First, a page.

Stanford Neurological Spinal Disorders
The Stanford Neurological Spinal Disorders team provides comprehensive neurosurgical spine care to treat a wide range of spinal disorders in adults and children. Each year we treat thousands of patients with spinal disease and deformity. Our devoted multi-disciplinary team offers patients the highest level of expertise and latest technologies, and is comprised of experts in the fields of spinal reconstruction, spinal deformity, spinal tumors, minimally invasive surgery, radiosurgery, pain management, and psychiatry. Additionally, our surgeons and scientists collaborate on translational research projects, and are at the forefront of using innovative tools, such as robotics and virtual reality, to improve outcomes and achieve the best possible care for our patients.
Did you know? In addition to providing care at Stanford, our team of experts also offers neurospine care across multiple locations, including at the Santa Clara Valley Medical Center and the Veteran's Affairs Palo Alto Health Care System.
Conditions and Treatments
At Stanford, our patients have access to treatments that can now be done with minimally invasive approaches, leading to faster recovery and less discomfort.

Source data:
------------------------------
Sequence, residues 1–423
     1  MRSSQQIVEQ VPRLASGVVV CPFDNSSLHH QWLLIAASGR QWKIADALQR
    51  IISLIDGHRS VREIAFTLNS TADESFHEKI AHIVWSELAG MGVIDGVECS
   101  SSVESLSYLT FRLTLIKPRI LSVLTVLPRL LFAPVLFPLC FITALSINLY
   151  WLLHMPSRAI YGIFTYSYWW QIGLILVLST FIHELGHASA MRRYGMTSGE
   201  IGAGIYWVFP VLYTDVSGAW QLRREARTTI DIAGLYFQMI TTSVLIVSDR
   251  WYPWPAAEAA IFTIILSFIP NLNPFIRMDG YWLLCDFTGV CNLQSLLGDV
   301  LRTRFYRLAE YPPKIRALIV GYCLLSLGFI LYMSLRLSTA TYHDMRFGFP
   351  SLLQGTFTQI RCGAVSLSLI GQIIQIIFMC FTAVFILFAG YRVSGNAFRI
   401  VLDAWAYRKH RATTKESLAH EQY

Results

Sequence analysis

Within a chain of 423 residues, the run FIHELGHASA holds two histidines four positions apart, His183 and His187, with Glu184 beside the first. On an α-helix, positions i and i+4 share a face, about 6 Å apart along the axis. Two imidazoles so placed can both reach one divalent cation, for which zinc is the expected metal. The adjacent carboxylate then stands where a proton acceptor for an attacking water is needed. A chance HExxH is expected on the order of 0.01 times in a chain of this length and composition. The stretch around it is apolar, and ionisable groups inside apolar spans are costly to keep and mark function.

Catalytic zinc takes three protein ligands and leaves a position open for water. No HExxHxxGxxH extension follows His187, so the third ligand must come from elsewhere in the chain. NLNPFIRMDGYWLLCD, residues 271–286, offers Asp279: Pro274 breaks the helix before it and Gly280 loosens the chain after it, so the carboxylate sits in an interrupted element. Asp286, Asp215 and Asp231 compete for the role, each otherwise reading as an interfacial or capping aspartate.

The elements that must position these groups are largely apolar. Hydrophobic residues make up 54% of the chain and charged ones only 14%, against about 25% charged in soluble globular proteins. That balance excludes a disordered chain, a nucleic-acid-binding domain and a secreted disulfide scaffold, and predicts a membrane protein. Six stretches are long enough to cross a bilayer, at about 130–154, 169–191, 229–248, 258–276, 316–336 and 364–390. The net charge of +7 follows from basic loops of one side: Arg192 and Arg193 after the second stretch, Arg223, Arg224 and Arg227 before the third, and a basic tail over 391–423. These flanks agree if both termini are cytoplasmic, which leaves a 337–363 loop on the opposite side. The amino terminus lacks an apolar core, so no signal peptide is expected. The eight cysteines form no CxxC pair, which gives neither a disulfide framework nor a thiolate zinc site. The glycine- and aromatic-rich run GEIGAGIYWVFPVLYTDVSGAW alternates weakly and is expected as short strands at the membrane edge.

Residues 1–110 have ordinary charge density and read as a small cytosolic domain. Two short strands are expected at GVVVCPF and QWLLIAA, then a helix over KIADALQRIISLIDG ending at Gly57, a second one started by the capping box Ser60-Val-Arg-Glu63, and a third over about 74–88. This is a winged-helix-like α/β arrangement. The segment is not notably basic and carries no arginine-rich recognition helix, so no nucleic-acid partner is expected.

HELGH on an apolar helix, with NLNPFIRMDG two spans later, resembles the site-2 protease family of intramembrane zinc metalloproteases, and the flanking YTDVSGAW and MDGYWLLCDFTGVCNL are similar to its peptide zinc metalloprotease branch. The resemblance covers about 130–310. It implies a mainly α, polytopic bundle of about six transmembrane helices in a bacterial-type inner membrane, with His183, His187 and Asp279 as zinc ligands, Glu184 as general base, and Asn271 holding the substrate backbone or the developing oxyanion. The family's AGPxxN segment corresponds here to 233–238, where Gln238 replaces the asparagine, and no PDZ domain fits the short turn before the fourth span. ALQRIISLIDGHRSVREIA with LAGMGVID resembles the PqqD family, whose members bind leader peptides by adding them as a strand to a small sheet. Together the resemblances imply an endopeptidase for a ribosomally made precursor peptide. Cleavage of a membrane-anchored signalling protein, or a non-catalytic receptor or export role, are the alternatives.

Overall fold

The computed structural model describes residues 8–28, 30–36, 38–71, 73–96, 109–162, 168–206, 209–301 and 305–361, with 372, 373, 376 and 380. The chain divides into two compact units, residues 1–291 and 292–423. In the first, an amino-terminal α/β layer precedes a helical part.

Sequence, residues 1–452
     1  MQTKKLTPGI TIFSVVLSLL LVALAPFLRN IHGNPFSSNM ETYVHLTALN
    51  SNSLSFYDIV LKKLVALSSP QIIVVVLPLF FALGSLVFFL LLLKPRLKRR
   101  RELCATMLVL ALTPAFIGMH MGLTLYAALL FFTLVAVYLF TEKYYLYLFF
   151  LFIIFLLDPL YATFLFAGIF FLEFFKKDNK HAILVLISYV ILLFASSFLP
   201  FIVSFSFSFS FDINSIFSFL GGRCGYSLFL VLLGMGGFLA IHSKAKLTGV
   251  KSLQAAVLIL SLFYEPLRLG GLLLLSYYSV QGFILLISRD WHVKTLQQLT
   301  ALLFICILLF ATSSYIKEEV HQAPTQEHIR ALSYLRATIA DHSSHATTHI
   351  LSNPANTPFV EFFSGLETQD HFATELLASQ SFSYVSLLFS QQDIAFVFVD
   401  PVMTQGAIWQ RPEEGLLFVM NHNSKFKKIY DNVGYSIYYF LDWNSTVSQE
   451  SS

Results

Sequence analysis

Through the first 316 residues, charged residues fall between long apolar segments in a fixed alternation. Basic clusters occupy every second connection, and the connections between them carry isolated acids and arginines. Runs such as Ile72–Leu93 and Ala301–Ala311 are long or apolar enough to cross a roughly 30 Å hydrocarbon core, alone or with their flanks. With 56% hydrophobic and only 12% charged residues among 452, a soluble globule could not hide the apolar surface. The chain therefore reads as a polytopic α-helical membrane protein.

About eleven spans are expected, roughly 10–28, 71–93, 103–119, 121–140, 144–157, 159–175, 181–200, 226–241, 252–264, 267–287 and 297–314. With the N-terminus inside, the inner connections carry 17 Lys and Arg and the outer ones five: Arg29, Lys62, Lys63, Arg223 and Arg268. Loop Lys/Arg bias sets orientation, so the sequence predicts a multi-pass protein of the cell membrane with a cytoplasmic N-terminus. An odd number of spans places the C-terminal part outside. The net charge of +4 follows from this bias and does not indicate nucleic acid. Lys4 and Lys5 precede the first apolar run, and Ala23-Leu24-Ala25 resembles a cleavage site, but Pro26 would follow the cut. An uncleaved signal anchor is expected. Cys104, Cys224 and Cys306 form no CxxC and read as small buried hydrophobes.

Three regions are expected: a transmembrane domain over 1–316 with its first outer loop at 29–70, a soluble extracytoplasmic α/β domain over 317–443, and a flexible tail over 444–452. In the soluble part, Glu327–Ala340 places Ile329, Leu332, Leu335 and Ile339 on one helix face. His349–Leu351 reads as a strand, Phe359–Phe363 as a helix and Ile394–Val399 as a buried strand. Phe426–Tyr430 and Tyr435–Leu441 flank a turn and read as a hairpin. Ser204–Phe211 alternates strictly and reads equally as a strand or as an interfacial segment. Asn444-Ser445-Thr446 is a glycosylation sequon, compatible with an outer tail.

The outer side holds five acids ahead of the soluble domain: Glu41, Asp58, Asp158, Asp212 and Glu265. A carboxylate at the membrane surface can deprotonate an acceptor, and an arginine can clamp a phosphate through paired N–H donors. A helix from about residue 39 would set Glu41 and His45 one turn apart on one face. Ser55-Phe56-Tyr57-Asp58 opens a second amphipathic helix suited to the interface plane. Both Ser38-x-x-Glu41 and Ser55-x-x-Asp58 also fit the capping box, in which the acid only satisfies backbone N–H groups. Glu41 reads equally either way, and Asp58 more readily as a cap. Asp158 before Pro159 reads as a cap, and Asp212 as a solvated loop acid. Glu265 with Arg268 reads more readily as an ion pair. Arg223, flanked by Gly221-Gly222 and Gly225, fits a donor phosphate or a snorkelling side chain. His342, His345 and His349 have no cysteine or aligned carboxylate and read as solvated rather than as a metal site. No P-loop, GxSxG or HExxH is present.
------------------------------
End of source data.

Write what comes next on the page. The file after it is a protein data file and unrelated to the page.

Minimally Invasive and Robotic Spine Surgery
Stanford patients now have access to minimally-invasive spine surgery (MISS) treatments, pioneered at Stanford, for a variety of procedures, including fixing spinal deformities, treating traumatic fractures, and removing tumors.
Check out our videos, news, and more!
Neurological Spine Disorders Clinic
The Stanford Neurological Spine Disorders Clinic provides comprehensive spine care and neurosurgery to treat spinal trauma, disease and deformity in adults and children.
Minimally-Invasive Robotic Neurospine Surgery: Terenia's Story
Decades after surviving a serious car crash, Terenia's symptoms became so debilitating she was in constant pain and could no longer work as an artist. Neurosurgeon Dr. Anand Veeravagu performed minimally-invasive robotic spine surgery and gave Terenia her life back.
Taking Benzodiazepines Boosts Chances of Long-term Opioid Use
In a new study, Dr. John Ratliff finds that taking a common psychoactive medication along with opioids nearly triples the chance that a patient will become a long-term opioid user.
Stanford Neurospine Surgeons Predict Future of Spine Surgery
What will spine surgery be like in 2050? Several Stanford neurospine surgeons looked into a crystal ball and made predictions about the healthcare system, medical technology and patient experience of the future.
Lower Back or Leg Pain? Waiting Before Imaging Could Save Millions
A new Stanford study led by neurosurgeon Dr. John Ratliff has found that patients with lower back pain undergo imaging unnecessarily and it's costing us half a billion dollars annually.